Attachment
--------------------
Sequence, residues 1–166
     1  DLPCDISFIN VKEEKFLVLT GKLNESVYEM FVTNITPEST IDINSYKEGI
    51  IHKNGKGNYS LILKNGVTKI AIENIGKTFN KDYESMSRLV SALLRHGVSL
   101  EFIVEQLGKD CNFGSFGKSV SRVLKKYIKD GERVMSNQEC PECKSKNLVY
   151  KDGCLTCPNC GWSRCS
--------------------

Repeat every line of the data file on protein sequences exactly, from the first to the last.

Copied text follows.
Sequence, residues 1–166
     1  DLPCDISFIN VKEEKFLVLT GKLNESVYEM FVTNITPEST IDINSYKEGI
    51  IHKNGKGNYS LILKNGVTKI AIENIGKTFN KDYESMSRLV SALLRHGVSL
   101  EFIVEQLGKD CNFGSFGKSV SRVLKKYIKD GERVMSNQEC PECKSKNLVY
   151  KDGCLTCPNC GWSRCS